Singer, songwriter, and record producer Tristan Baugh is from Sardis, Alabama and grew up loving country music. Since 2019, he’s written more than 150 songs.
His newest song “South of Tennessee” opens with a cymbals crash and an acoustic guitar layered over an electric guitar, and Tristan’s strong voice is convincing as he tells the story. Lyrics paint the scene of being in the country where boys think about fast cars and gasoline, not holding hands and giving a ring to a girlfriend. He mentions growing up to believe in God, when your daddy put the fear into you so you didn’t get in trouble. For those who did grow up and leave town, they stayed nearby.
I’m talking about the hometown feel, bonfire crowd
Barbed wire fences and tall pine trees
As Far as you can see
Down there in the local bar
There’s a brown eyed boy with a cheap guitar
Trying to find his way out from, A to B
Just South of Tennessee
The second verse talks about the lifestyle of a teenage boy, looking forward to beach vacations in Florida and Alabama college football games. He mentions the work ethic, how you worked like a man when you were 17, and it took away most of your summer. Like a lot of country music, there is beer on ice in the truck bed, as they are drinking in a farmer’s field somewhere. He adds that when they drove drunk, they always kept on the back roads to avoid being pulled over.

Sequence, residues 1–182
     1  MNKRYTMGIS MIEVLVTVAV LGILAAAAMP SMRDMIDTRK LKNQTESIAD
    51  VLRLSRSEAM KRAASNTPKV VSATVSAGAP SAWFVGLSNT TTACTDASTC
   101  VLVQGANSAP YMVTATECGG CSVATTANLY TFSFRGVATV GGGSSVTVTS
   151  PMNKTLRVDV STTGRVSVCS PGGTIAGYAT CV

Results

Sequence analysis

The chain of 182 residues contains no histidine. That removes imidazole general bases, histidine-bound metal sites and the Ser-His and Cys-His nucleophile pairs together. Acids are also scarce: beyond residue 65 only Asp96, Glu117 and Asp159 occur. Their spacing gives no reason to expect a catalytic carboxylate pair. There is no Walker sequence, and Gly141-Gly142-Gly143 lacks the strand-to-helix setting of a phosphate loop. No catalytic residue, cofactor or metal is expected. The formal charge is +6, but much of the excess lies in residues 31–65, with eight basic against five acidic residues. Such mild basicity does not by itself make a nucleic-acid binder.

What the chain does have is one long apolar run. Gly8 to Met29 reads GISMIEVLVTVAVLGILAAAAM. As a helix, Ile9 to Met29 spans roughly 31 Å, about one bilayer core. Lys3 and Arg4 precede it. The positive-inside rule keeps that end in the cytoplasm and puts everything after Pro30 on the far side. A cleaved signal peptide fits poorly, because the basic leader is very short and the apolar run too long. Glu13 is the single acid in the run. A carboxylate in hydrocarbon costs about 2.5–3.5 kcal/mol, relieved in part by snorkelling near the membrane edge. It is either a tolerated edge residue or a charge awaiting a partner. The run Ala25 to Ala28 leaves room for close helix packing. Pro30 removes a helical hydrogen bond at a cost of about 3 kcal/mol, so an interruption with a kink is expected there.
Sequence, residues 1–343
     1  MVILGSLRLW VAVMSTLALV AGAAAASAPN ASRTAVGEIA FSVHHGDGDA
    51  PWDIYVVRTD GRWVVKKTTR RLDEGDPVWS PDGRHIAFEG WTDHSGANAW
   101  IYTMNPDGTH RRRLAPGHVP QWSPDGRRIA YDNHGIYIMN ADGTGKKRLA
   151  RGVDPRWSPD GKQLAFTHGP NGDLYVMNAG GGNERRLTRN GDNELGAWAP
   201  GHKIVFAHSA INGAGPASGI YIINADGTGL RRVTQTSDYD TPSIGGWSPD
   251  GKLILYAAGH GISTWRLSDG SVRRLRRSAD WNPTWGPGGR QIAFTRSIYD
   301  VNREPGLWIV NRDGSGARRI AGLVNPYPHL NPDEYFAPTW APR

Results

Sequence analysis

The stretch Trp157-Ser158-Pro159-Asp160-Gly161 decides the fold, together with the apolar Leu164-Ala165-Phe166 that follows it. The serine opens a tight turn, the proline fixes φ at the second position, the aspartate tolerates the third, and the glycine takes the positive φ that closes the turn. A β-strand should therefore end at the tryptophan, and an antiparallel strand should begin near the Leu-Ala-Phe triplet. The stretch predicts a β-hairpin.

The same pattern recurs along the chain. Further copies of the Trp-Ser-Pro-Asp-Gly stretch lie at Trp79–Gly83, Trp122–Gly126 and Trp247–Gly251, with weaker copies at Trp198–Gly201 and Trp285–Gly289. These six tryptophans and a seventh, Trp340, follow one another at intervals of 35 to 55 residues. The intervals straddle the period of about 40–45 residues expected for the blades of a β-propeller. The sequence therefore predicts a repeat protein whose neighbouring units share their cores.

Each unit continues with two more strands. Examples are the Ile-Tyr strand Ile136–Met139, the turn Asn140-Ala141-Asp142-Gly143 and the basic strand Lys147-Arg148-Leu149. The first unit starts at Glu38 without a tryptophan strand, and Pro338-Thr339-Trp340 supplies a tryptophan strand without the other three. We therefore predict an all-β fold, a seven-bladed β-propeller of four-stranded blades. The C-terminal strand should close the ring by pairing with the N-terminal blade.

The song remains authentic and doesn’t seem pandering at all. When Tristan says, “Sweet tea, and Jesus in a cotton town, it’s where you raise a family when you settle down, “ he’s convincing.
In the final chorus, when Tristan mentions that boy with the guitar, he says, “Most don’t know he’s dead set to chase a dream,” and again, he’s convincing.
There's a clever effect in the final chorus, where they overlap the beginning lyrics with Tristan singing the title lyrics. It keeps the song intriguing without losing the feel of country life in rural Alabama.
You can imagine him hanging out with his friends, and growing up to leave town, but not too far away. He’ll always be “South of Tennessee.”
Click here to listen to “South of Tennessee”
Writer: Tristan Baugh
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